PHIL 467: Contemporary Ethical theories
The works of contemporary moral philosophers in the analytic or continental tradition are examine and compared.
PHIL 467: Contemporary Ethical Theories - God, Morality, and Evil
This class will focus on two of the central questions of philosophy. The first question is: "what difference does it make for morality if God exists or does not exist?" People hold very divergent views on this topic. Some think that God has everything to do with morality and hold that God's will or Gods' commands are the only possible basis for an objective morality. Others think that God is irrelevant to morality. Starting with Plato, the dominant view in Western philosophy is that basic moral standards are independent of God. We will examine the divine command theory and other theories that attempt to based morality on God and God's will. The second question concerns the problem of evil: "Is the existence of so much suffering and evil in the world consistent with the existence of a loving, morally good, and omnipotent God?"
Readings include Plato's Euthyphro, selections from medieval philosophers, Dostoevsky's Grand Inquisitor, Robert and Marilyn Adams, The Problem of Evil, and Robert Adams's Finite and Infinite Goods.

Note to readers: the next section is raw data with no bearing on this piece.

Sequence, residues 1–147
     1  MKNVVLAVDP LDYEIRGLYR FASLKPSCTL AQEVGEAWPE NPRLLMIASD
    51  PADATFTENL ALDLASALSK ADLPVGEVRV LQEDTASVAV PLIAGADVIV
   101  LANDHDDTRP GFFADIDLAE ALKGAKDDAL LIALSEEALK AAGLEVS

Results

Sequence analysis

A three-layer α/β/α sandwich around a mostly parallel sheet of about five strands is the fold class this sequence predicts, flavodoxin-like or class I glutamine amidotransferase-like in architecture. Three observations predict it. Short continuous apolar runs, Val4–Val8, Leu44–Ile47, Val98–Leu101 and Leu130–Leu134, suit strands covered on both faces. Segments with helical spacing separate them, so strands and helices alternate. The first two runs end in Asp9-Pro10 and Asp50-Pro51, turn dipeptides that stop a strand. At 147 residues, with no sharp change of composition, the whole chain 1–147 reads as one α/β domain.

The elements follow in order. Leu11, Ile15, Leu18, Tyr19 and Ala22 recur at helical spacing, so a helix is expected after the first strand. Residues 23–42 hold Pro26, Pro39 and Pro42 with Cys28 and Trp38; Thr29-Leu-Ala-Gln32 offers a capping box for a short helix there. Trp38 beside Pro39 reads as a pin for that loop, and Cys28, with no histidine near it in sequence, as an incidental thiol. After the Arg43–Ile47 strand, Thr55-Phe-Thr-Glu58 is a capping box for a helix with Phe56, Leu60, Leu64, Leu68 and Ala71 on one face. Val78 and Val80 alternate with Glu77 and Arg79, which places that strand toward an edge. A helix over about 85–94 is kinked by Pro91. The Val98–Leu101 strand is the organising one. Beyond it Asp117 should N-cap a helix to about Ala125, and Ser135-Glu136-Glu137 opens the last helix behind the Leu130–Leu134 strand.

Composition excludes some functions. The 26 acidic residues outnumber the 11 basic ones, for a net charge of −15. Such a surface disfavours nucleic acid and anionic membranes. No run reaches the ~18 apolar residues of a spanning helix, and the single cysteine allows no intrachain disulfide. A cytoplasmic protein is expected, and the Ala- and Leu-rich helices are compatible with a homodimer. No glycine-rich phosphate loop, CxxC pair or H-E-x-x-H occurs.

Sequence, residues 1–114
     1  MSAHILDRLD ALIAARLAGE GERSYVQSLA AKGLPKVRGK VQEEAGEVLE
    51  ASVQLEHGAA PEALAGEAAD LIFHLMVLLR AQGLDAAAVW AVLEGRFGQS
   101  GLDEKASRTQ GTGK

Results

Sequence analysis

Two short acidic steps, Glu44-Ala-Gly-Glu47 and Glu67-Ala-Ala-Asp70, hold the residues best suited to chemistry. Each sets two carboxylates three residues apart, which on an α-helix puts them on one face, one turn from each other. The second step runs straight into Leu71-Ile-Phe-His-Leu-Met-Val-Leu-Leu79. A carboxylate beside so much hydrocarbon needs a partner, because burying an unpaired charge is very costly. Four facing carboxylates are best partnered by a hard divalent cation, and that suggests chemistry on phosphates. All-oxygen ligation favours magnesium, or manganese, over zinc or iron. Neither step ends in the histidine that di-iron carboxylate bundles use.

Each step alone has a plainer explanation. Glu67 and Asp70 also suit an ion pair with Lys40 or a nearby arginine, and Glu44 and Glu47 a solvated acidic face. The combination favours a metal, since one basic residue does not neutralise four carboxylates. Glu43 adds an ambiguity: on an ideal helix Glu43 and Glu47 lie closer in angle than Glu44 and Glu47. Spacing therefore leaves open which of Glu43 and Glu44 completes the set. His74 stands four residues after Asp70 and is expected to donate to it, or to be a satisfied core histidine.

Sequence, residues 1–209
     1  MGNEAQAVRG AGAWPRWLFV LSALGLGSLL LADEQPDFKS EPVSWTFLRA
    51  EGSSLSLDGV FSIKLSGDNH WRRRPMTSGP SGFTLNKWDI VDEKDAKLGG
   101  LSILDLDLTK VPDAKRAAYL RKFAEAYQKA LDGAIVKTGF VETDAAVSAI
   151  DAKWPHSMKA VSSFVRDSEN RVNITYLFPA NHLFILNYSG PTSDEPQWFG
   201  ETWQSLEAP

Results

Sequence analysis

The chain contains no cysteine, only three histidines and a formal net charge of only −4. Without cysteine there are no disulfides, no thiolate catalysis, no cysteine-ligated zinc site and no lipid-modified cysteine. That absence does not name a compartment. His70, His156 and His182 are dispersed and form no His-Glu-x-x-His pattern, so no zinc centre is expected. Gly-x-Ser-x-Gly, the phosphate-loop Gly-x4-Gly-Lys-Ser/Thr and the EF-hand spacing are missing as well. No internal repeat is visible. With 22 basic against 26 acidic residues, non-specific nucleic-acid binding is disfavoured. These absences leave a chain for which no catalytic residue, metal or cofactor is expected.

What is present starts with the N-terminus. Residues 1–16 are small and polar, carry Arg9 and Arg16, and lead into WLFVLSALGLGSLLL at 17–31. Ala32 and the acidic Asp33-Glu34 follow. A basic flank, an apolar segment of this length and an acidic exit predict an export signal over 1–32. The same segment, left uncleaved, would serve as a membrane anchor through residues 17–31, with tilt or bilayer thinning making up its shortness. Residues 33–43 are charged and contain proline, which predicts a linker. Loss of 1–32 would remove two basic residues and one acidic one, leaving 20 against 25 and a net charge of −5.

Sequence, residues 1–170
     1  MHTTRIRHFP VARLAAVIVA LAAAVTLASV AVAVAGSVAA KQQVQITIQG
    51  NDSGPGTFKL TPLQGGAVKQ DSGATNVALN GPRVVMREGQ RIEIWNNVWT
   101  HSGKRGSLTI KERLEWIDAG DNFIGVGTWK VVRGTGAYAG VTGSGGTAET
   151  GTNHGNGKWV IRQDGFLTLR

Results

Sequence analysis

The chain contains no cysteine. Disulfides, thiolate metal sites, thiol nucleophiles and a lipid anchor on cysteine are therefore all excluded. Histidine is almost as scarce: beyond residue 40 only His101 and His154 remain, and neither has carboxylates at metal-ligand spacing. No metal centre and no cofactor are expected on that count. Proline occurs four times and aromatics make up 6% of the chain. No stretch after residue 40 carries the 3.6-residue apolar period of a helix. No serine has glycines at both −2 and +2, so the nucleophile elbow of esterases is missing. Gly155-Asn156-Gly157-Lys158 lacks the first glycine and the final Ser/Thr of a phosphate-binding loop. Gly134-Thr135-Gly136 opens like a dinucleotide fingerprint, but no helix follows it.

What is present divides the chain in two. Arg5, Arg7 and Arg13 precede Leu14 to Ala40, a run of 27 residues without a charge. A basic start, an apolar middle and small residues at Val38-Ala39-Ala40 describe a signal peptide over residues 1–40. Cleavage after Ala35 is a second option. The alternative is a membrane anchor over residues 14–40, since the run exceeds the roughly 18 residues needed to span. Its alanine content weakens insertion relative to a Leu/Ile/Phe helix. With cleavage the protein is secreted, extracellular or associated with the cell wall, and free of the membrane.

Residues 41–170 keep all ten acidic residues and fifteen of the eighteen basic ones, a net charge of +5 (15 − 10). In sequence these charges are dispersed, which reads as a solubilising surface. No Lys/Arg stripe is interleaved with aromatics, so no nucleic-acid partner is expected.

PHIL 467: Contemporary Ethical Theories - Derek Parfit’s On What Matters
Derek Parfit's multi-volume On What Matters is widely regarded as the most important book in ethics in the last 140 years. This course will involve an intensive reading and discussion of On What Matters. Parfit’s wildly ambitious book addresses almost all the main issues in ethical theory — questions about the nature of the good life and human welfare, questions about moral obligation, and metaethical questions about the meaning and objectivity of normative judgments. Parfit defends the view that moral judgments are statements that are objectively true or false independently of what anyone believes or desires. He famously defends a “triple theory” of moral obligation and argues that (what he takes to be) the three best theories of moral obligation, the first version of Kant’s categorical imperative, rule-consequentialism, and contractualism, are all equivalent. In addition, Parfit writes very insightfully about many other topics including: the meaning of life, the fine-tuning argument for the existence of God, “why there is something rather than nothing,” Nietzsche’s moral philosophy, utilitarianism, environmental ethics, egoism, the long-term survival of the human race (and the future non-human descendants of human beings), and many other issues. Parfit’s book is a model of clarity and includes hundreds of interesting arguments. On What Matters is one of most collaborative philosophical books ever written - it was rewritten many times in light of detailed comments and criticisms that he received from hundreds of other philosophers.